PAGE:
In Defense of the Faith |

Hunt, Dave

Who Saw the Resurrected Jesus—When and Where?

Question: Some of the most blatant contradictions in the Bible involve the account of the supposed resurrection of Christ upon which Christianity is founded. For example, Mark:16:1–2 says Mary Magdalene came to the tomb when the sun had risen. John:20:1 says she came to the tomb while it was still dark. Which was it?

Response: I checked more than 20 translations of Mark:16:1–2, and only one (NASB) says “when the sun had risen.” I found one paraphrase (NEB), which says “just after sunrise”; all other translations say “at the rising [anatello] of the sun.”

The Greek anatello is not an exact statement of time and really means the start of the action. The Greek implies that the sun had just appeared on the horizon. Anyone without an axe to grind would allow “sunrise” to include a period just before the sun peeped over the horizon as well as just after. Furthermore, the expression “cometh Mary” in John 20 would include her entire journey toward the tomb from her home. Some distance being involved, she would have set out that morning “when it was “yet dark” (John:20:1) to arrive at the tomb just as the sun was coming above the horizon.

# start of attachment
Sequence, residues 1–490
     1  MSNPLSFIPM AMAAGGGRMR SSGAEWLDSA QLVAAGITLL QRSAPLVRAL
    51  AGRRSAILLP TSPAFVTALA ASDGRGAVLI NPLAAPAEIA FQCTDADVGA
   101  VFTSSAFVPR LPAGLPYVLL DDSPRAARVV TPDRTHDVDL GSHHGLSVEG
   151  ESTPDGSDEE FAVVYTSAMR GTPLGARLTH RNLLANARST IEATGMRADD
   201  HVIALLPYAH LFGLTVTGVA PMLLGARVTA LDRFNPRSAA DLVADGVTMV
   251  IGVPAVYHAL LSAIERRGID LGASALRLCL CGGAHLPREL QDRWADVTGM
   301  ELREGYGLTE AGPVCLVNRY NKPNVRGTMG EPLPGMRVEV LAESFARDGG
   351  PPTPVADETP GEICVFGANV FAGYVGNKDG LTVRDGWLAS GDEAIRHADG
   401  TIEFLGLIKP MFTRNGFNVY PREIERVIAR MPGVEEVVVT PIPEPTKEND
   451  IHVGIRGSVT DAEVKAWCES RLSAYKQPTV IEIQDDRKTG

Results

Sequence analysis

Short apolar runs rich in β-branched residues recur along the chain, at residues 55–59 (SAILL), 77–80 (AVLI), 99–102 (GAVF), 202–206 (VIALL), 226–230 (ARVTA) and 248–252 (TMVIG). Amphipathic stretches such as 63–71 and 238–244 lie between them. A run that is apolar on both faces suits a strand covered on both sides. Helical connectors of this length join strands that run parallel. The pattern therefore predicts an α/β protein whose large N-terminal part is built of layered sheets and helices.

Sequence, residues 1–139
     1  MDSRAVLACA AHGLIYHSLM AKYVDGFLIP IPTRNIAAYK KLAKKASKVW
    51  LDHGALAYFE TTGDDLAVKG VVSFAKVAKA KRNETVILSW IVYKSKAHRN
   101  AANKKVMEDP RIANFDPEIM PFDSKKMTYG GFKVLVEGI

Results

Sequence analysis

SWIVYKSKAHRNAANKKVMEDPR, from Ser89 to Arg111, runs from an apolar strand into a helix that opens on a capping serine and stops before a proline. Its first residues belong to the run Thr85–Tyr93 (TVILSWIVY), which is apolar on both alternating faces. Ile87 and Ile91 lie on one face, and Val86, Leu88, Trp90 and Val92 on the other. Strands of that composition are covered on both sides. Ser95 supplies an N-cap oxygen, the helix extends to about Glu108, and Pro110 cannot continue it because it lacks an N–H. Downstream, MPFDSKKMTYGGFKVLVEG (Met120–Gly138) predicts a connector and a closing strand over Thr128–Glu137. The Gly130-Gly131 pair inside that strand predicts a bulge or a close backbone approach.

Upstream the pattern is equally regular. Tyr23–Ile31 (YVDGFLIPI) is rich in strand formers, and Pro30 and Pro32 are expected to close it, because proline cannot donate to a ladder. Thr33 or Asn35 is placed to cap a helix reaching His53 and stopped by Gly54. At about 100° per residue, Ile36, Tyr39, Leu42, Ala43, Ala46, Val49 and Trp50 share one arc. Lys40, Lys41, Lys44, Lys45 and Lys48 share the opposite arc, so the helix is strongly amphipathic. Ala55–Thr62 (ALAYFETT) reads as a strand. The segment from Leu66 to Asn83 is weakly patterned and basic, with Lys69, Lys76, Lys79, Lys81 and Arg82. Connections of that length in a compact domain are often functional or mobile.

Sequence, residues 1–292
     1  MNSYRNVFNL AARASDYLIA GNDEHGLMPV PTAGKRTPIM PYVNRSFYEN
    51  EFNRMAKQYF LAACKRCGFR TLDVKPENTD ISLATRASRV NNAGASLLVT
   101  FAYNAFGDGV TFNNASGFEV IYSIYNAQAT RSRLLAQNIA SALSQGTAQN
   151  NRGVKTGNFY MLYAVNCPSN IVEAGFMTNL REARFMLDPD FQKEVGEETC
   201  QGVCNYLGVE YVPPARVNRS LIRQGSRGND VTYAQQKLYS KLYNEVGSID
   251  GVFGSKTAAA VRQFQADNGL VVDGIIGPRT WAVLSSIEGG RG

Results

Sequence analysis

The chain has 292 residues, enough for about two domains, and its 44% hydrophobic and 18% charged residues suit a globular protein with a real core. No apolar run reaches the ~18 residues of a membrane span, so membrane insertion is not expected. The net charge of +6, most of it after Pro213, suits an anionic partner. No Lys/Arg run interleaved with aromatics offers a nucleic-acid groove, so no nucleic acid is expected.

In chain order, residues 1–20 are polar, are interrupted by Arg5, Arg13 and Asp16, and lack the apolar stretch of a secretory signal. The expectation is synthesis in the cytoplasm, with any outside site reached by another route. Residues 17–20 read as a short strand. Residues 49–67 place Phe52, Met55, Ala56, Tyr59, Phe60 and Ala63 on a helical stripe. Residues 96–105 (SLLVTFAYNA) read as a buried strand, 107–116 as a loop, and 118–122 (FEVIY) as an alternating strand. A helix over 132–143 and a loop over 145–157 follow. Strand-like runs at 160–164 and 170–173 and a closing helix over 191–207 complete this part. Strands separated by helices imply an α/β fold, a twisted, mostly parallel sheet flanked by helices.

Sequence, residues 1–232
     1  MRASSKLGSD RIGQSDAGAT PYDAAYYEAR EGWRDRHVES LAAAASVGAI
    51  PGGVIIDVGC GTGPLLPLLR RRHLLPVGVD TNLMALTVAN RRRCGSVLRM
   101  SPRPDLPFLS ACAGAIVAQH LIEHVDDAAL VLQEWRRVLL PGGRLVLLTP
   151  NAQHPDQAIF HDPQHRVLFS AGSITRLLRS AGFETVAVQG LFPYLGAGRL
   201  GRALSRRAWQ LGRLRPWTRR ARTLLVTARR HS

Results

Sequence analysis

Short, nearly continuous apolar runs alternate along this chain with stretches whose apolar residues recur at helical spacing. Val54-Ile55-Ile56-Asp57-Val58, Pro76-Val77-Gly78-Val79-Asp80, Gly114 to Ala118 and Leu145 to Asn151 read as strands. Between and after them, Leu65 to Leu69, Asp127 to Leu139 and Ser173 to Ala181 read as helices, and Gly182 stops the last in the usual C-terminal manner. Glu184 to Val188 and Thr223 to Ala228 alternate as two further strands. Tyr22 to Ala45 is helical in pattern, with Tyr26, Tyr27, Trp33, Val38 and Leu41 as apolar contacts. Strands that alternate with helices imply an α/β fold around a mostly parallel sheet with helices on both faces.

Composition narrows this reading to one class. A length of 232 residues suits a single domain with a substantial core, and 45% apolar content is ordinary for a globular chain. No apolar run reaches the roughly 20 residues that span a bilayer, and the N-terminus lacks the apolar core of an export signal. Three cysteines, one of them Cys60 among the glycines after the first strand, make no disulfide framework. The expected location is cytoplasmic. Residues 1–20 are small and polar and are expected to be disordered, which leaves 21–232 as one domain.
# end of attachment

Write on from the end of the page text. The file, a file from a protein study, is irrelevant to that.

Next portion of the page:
Mary sees, obviously from a distance as soon as she has a clear view of the tomb’s entrance, that the stone has been rolled away. John doesn’t record her being at the tomb until much later. Moreover, the Greek word skotia, translated “dark,” includes the meaning of dimness, not necessarily pitch-black darkness. To be perfectly honest, if you took these two statements into a court and tried to prove them contradictory, the judge would quickly dismiss the case.”

—An excerpt from In Defense of the Faith (pp. 102-3) by Dave Hunt